21 July 2019

Loading Events

« All Events

  • This event has passed.

But We Cannot See Them: Tracing a UAE Community, 1988-2008

2 March 2017


It looks like the NYUAD Art Gallery has become as important an artistic voice for the country as the NYUAD Arts Center has for performance. Programming at both has been very impressive during the past year, delivering both quality and imagination – which is exactly what you’d hope for from a university facility able to act without commercial pressure.

The Gallery’s two major shows of 2016 were a major solo exhibition for Diana Al-Hadid and the current thought-provoking group show Invisible Threads: Technology and its Discontents. Both were among the year’s very best exhibitions to be seen in the UAE (and Invisible Threads has been extended for another week, now closing on 7 January, so get along to it if you can).

Mohammed Kazem: Keyboard, 1995. Hangers and sticker on board, 80 × 120 cm. Courtesy the artist and Gallery Isabelle van den Eynde

Now the Gallery’s next show – it does only three a year – looks a nailed-on certainty to be a highlight of 2017. Under the title But We Cannot See Them: Tracing a UAE Underground, 1988-2008, it’s an ambitious attempt to document the development of a genuine local arts community in the Emirates.

The key word there is community. In recent years the possibilities have opened up for artists looking to share experiences and show work, but it’s not so long ago that display spaces were virtually non-existent.

Maya Allison, Founding Director and Chief Curator of the NYUAD Art Gallery (and curator of this exhibition), says she’s been told that when curators came to the UAE looking for contemporary art in the early 1990s, they concluded none was being made because there wasn’t anywhere to see it.

“Yet contemporary art was actually flourishing. The particular artists in this exhibition developed what we might call an ‘underground,’ in spite of – or because of – the scarcity of public venues able to support conceptual and formal experimentation in the UAE at the time. When The Flying House opened in 2007, that space gave them a new found visibility, leading to further audience and institutional support.”

The Flying House was basically the Al Quoz private home of businessman Abdul Raheem Sharif, opened as a gallery in part to provide storage and display for the work of his two artist brothers, Hassan and Hussain (who had already founded the Emirates Fine Arts Society).

Hassan Sharif: Email (Homage to Jos Clevers), 2009. Mixed media, variable dimensions. Courtesy estate of Hassan Sharif and Gallery Isabelle van den Eynde

Quickly a genuine community of artists grew up around the place, exhibiting work, discussing projects, dropping in for social calls. The result was a unique opportunity to see work by some of the UAE’s leading contemporary artists and a range of practices – 2D and 3D, photography, performance, installations …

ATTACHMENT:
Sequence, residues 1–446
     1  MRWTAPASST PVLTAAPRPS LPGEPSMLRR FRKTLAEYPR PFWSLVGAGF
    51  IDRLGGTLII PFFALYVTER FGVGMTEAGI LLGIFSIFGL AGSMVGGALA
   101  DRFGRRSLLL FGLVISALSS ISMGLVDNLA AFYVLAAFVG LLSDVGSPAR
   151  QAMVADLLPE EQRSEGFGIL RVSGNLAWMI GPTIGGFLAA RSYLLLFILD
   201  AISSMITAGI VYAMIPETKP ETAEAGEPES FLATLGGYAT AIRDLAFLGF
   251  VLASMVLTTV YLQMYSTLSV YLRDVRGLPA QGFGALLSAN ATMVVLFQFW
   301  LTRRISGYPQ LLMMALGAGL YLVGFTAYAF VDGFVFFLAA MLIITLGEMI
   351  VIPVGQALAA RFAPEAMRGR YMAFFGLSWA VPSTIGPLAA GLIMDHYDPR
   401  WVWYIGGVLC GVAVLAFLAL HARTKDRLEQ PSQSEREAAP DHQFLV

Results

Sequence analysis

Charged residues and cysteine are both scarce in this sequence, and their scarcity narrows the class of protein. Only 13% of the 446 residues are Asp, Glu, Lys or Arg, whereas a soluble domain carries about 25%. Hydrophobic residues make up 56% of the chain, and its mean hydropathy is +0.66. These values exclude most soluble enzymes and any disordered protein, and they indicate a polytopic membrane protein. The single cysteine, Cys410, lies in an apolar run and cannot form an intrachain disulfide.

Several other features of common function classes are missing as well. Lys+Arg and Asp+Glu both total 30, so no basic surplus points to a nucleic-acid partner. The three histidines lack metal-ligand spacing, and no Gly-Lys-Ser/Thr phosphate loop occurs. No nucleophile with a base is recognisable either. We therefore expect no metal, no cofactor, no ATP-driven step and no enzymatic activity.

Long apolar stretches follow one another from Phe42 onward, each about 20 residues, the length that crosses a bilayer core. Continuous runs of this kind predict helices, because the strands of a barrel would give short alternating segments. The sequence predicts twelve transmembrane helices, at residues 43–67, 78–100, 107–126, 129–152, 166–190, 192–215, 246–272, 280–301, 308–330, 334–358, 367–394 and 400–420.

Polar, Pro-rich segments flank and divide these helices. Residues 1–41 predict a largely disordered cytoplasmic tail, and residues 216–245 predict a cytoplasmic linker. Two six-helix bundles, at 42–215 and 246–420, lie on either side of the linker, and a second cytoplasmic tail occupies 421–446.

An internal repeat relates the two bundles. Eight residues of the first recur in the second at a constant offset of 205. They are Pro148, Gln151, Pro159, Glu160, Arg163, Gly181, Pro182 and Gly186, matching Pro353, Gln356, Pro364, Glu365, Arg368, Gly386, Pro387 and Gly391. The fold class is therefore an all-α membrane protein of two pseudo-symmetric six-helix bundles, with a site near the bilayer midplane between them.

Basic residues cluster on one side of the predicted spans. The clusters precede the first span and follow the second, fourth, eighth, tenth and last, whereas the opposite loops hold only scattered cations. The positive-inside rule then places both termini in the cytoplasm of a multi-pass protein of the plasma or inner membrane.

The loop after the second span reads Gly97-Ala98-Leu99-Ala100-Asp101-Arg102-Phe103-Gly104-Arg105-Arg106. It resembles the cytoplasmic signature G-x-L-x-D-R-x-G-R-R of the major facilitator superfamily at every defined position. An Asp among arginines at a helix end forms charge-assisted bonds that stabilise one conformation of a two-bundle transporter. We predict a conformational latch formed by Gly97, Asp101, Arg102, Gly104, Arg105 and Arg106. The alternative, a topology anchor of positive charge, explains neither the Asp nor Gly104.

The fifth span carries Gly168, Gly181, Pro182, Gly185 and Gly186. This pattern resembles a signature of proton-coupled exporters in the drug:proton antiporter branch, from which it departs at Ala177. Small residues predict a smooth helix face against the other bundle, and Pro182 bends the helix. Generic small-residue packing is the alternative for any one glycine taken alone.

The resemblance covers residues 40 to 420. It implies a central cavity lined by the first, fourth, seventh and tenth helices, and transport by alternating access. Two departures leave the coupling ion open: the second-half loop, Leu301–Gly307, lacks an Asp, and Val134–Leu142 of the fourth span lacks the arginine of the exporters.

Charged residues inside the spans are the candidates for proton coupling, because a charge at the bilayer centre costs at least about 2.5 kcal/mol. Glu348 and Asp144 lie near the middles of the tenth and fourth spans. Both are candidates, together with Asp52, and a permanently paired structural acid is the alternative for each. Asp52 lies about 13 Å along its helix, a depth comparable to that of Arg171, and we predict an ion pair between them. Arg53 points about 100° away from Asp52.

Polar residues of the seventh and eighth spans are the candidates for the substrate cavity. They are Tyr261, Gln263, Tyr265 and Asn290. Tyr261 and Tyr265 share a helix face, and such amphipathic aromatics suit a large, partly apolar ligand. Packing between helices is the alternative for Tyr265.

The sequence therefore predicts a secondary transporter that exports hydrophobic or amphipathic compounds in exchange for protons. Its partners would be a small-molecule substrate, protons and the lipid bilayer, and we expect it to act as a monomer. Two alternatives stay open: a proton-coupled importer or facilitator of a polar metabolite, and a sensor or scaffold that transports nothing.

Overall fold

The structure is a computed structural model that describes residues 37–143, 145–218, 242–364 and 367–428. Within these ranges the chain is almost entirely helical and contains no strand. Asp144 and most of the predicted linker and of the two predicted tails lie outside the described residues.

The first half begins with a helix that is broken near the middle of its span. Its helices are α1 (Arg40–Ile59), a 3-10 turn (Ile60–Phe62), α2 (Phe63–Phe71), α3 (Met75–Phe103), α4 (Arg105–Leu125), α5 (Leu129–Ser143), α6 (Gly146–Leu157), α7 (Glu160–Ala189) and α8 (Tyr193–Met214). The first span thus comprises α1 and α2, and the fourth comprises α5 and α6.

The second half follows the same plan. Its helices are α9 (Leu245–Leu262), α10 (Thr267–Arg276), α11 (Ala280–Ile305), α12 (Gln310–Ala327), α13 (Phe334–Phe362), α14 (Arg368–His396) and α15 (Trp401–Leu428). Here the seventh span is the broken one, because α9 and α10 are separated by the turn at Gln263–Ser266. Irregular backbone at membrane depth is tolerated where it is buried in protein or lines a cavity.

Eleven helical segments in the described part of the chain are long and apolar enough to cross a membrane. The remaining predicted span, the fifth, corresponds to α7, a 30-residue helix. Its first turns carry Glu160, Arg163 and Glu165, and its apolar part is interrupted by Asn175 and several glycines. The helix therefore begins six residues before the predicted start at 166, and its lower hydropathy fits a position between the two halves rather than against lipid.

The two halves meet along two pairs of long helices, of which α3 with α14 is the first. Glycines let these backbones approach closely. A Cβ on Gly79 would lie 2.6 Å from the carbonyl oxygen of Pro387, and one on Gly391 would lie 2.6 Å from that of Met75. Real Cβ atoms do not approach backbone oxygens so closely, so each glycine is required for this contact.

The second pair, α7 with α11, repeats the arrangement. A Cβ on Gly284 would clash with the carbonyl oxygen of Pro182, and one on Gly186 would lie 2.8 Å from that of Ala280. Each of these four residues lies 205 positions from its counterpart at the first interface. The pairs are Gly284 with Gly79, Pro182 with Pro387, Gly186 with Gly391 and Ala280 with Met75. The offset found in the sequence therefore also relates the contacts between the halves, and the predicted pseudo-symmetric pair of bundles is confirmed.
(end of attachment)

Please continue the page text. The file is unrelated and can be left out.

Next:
The Flying House effectively became the nearest thing the UAE had/has to a national museum of contemporary art (despite the fact that visiting was by appointment only).

Community has played a key role in nearly every modern art breakthrough movement, with artists banding together around manifestos, or turning to one another for support when art institutions rejected their innovations. Art communities grow out of critical and creative exchange among peers and mentors.

Maya Allison says she was struck by the similarity with ‘underground’ or ‘independent’ art scenes elsewhere. “Operating as an artistic community outside of formal art institutions allows artists a combination of freedom and support that can enable powerful creative innovation.”

We’ll all get a chance to see how such a community emerged in the UAE. But We Cannot See Them, which opens on 2 March, aims to document the community of visual artists, writers, and filmmakers whose members identified with a “new culture” of radical, formal and conceptual experimentation. This is the group that coalesced around the Flying House.

Artists in the exhibition include Hassan Sharif, Mohammed Ahmed Ibrahim, Abdullah Al Saadi, Mohammed Kazem, Hussain Sharif, Vivek Vilasini, Jos Clevers, and Ebtisam Abdulaziz. Also included are archival material and videotaped interviews, as well as a reading room of work from other important members of the community, including Cristiana De Marchi, Adel Khozam, and Nujoom Al Ghanem.

But We Cannot See Them is curated by Allison along with her exhibition curator Bana Kattan, who did a great job co-curating the Invisible Threads show. Research and programme development for by But We Cannot See Them has been contributed by Programs Curator Alaa Edris.

Etisam Abdulaziz: Untitled 1, 2008. Photo on aluminium

Alongside the exhibition the NYUAD Art Gallery is publishing a book of interviews with the artists. Together, the exhibition and book will begin the process of tracing this pivotal artistic community in the key years of its formation – and that should really break down the last of the preconceptions about a lack of inspiration and experimentation in the UAE that some in the international art world have so lazily assumed.

We’re all for this. It’s a shame that NYUAD’s location in the sands of Saadiyat means the exhibition might not get the footfall it deserves; Saadiyat is a bit of a schlep even from downtown Abu Dhabi. But this is one show that will almost certainly be vaut le detour, as M Michelin puts it.

To 25 May.

Above: Hassan Sharif, 
Cardboard and Coir, 1999
. Cardboard and coir
, variable dimensions (as shown 100 × 220 × 180 cm). 
Courtesy estate of Hassan Sharif and Gallery Isabelle van den Eynde. Below: Hussein Sharif, Cement with Mixed Media, 2000. Mixed media, dimensions variable



2 March 2017
Event Categories:


NYUAD Art Gallery
Abu Dhabi,United Arab Emirates
+ Google Map
+971 2 628 8000